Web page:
Milton Friedman deserves the most credit of any economist for cementing idea that money growth and business cycles are linked.  

Examining the data back to 1867, Friedman saw money growth hit its peak and troughs just before output and employment. A moderate decline in money growth presaged mild recessions, while deeper monetary contractions portended severe depressions.

Following the 1963 publication of his results in A Monetary History of the United States, which he wrote with Anna Schwartz, the Fed started paying closer attention to monetary aggregates, particularly M1, which is made up of checking account balances and hard cash. 

Because of a legal restriction on paying interest on checking accounts at the time, consumers were unlikely to put savings into them. This created a reasonably close connection between M1 and transaction balances in the economy. 

Once the restriction on interest was lifted, households and firms had little reason to distinguish between keeping money in savings accounts (held outside of M1) or checking accounts (held inside of M1). Thus, the strong link between M1 and economy-wide spending started to break down. “I’m baffled,” Friedman confessed. 

The Fed downgraded M1 in 1987 and turned its attention toward the broader monetary aggregates like M2, which includes M1 plus small time deposits and other instruments such as money market mutual funds that are relatively liquid. 

It was a week substitute. Financial innovation and deregulation eroded M2’s status as an economic signal. Substantial swings in the monetary aggregate’s growth rate had little to do with near-term spending plans of households and firms. As a result, the relationship between M2 and GDP changed noticeably. 

The correlation between real M2 growth rates and real annual GDP growth rates was 0.56 between 1960 and 1990 and –0.43 after that. When the first three decades of positive co-movement and the last three decades of negative co-movement are combined, the correlation for the entire period is almost zero.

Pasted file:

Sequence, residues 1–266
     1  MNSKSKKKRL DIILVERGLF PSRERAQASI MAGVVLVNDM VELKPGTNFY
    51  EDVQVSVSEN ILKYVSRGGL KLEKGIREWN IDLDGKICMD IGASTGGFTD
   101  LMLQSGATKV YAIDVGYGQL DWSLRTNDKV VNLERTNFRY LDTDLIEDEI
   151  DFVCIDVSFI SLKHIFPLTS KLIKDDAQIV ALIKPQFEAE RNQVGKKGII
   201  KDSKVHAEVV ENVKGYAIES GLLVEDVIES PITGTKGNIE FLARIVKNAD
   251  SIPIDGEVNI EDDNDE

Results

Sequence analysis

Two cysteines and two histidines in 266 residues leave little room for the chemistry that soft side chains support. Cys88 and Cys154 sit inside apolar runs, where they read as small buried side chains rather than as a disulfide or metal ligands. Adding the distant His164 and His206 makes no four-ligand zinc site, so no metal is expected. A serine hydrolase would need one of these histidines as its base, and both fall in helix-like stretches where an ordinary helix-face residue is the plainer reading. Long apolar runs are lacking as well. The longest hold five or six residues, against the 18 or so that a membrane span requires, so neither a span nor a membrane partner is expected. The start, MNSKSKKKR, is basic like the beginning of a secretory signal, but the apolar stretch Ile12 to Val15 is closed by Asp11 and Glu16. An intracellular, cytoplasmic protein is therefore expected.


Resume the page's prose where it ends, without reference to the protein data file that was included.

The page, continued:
Source: St. Louis Fed

In July 1993, Fed chair Alan Greenspan informed Congress that M2 had been “downgraded as a reliable indicator of financial conditions in the economy.” Many economists concluded that short-term interest rates bear a closer connection to key macroeconomic variables.

In September 1998, the Fed initiated the practice, which it continues to this day, of announcing an explicit target for the federal funds rate immediately after each meeting. And in June 2000, the Fed stopped announcing target ranges for money growth. 

Friedman believed that M2 growth in the range of 4 to 6 percent was consistent with a healthy economy. But thanks to the Fed’s bond-buying program, government stimulus checks, and extension of generous business loans, M2 grew at annualized rates exceeding 20 percent throughout much of 2020. By February 2021, M2 was a stunning 27 percent above its level a year earlier.

Republican US Senator John Kennedy questioned Fed chair Jerome Powell about it during his semiannual monetary policy report to Congress in 2021. “When you and I studied economics a million years ago,” Powell responded, “M2 and monetary aggregates seemed to have a relationship to economic growth. Right now M2 does not really have important implications. It is something we have to unlearn, I guess.”

Powell isn’t worried that M2 has fallen 4.6 percent over the last twelve months, the largest year-over-year decline on record. Money supply is contracting at a three-month annualized rate of minus 9.7 percent, although it is still $5.3 trillion higher than pre-pandemic levels at about $21 trillion.

Do we need Milton Friedman for this? Or are we confident in our analysis that money supply is divorced from prosperity and recession enough that it’s time for new ideas?

We are open to suggestions.